Secular Activists Targeted
Secular political parties say they have been targeted while the authorities have allowed Islamist political parties the freedom to continue their activities. In May, MQM accused the Rangers of the extrajudicial killing of 240 workers and, in a separate incident, the forced disappearance of another 171 (Dunya News, May 12; Dawn, May 3). The ruling party of Sindh province, the Pakistan Peoples Party (PPP), also accused the Rangers of moving beyond their mandate when Rangers personnel arrested PPP stalwart Dr. Asim Hussain on charges of facilitating terrorists in his hospital (ARY News, July 19).
The authorities deny they have been discriminatory, but it is clear that the militant wings of religious parties, as well as proscribed sectarian groups, are still active. Student movements and the charity wings of militant Islamist organizations, as well as those affiliated with Islamist political parties, have been allowed to continue.
In the space opened up by the crackdown on the activist networks of the mainstream political movements, the Islamist parties are set to take advantage. As the U.S.-based author and security expert, Arif Jamal, has noted: “The weakening of the MQM and other political parties is creating a lot of space for jihadist groups in Pakistan …terrorist organizations like Dawa fundraise millions of dollars on the occasions of Eid-ul-Azha while political parties such as the MQM are not allowed to fundraise for genuine charity reasons. In fact, every year the jihadists fundraise hundreds of thousands of dollars” (DW, August 23).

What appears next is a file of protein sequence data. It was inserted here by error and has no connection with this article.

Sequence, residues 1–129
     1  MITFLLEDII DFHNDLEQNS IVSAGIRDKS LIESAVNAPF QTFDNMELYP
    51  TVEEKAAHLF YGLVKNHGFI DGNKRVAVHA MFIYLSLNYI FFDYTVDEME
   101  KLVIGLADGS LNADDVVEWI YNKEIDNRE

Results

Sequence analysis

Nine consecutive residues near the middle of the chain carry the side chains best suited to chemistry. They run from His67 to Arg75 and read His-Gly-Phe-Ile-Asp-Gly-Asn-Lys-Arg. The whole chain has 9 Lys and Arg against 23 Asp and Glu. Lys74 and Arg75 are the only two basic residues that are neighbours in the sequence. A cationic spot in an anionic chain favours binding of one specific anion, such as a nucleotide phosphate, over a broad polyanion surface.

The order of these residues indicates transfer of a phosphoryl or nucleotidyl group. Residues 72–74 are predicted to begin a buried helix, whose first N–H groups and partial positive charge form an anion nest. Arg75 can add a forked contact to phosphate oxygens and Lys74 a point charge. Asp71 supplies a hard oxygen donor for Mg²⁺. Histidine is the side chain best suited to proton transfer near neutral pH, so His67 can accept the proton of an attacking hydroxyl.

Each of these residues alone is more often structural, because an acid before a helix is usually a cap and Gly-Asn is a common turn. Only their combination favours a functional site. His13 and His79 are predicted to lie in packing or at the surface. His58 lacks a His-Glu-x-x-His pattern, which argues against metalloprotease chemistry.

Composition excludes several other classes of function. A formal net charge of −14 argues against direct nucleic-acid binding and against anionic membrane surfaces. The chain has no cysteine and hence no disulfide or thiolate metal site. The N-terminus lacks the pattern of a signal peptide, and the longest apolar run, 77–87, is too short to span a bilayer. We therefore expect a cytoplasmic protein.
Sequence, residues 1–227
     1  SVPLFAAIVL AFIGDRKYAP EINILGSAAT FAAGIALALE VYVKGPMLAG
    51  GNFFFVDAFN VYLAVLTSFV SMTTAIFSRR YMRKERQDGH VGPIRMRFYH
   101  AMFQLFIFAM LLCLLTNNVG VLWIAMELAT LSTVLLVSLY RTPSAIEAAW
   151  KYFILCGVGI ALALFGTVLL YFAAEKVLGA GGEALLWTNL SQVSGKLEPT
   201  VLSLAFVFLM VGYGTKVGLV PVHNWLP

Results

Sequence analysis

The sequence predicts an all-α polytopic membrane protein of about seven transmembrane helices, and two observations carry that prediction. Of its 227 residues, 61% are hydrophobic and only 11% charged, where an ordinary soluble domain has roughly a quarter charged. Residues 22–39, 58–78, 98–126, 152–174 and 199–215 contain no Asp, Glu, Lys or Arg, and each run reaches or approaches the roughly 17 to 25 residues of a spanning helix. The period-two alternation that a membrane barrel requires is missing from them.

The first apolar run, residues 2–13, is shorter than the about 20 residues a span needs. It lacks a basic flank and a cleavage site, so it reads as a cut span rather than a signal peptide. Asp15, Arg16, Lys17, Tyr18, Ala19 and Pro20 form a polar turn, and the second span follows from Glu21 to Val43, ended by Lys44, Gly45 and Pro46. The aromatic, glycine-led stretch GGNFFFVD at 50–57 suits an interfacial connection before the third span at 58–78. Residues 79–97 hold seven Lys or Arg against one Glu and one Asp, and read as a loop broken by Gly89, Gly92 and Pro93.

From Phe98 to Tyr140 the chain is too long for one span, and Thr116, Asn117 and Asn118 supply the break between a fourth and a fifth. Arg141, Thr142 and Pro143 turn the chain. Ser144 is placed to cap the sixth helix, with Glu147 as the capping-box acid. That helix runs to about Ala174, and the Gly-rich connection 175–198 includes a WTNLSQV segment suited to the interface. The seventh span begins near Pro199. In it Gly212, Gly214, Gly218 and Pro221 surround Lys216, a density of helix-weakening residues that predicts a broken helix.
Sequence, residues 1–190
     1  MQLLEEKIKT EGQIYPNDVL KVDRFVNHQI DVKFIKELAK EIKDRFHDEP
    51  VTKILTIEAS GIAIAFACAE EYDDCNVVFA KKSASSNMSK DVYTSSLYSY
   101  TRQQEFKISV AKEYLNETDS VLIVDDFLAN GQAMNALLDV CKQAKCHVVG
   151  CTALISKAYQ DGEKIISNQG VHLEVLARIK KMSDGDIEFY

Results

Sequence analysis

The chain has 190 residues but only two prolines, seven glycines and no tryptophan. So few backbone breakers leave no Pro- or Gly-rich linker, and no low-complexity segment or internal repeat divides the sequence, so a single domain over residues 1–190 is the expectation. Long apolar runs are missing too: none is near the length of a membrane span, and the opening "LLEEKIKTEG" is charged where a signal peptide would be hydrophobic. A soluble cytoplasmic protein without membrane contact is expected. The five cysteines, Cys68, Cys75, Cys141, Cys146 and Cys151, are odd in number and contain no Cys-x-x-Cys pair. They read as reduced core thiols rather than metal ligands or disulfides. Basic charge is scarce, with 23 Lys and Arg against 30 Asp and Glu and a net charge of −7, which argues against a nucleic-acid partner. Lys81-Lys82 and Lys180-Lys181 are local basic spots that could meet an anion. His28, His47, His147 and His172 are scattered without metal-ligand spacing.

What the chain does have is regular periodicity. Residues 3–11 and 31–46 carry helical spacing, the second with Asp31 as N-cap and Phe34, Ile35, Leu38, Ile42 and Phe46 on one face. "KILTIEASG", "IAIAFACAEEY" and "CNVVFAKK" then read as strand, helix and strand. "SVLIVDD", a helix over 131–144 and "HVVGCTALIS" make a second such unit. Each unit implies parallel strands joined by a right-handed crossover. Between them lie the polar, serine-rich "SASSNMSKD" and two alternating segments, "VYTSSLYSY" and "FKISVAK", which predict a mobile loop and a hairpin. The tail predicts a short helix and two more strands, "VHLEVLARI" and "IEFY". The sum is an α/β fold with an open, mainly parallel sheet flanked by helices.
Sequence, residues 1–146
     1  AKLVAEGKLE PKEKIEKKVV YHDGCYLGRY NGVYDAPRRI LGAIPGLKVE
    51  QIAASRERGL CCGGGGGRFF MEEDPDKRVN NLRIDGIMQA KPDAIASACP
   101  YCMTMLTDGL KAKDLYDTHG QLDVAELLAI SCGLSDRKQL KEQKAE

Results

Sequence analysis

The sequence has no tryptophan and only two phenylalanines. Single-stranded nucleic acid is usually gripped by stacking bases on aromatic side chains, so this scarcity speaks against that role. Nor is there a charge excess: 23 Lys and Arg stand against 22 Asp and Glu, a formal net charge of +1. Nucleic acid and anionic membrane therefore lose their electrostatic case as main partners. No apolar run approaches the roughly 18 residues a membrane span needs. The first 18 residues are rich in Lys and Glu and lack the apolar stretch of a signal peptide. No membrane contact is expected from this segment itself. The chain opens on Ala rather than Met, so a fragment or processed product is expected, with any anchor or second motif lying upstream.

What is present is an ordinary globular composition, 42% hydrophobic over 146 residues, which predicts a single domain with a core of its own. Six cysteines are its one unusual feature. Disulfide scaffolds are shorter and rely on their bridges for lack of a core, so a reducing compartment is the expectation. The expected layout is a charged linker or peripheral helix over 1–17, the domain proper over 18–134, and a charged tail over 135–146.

In an indication of the growth of Islamist-sectarian parties in Karachi, it is notable that during last year’s municipal elections the proscribed Islamist terrorist group Sipah-e-Sahaba, the parent organization of Lashkar-e-Jhangvi, participated under the name Rah-e-Haq, and succeeded in winning nine seats in Karachi’s Pashtun majority areas displaying its growing strength and support base (The News, December 7, 2015).
Extending the Crackdown
Islamist militants, whether operating in Karachi or in other parts of the country, treat Karachi as a safe haven and a source of funding, obtained through extortion, kidnapping and robbery. The spirit of the Karachi crackdown should have to be a non-discriminatory drive for the establishment of law and order. Brushing aside Islamist terrorist groups and militant wings associated with religious parties will solve part of the problem facing Karachi.
Islamist parties and Islamist militant groups have a symbiotic relationship. While they differ in how they intend to achieve their goals, their political views have much in common.
Linking the crackdown on Karachi’s criminal elements to the anti-terrorist National Action Plan is a positive measure aimed at broadening the ambit of the operation and curbing Islamist violence. But unless the crackdown is broadened and extended to the activist wings of the Islamist political parties, it will serve only to create a dangerous vacuum that Islamists will seek to fill.
 Author interview with a senior police officer who requested anonymity (October 4).
 See Pakistan Security Report (2015) published by Pakistan Institute of Peace Studies (PIPS).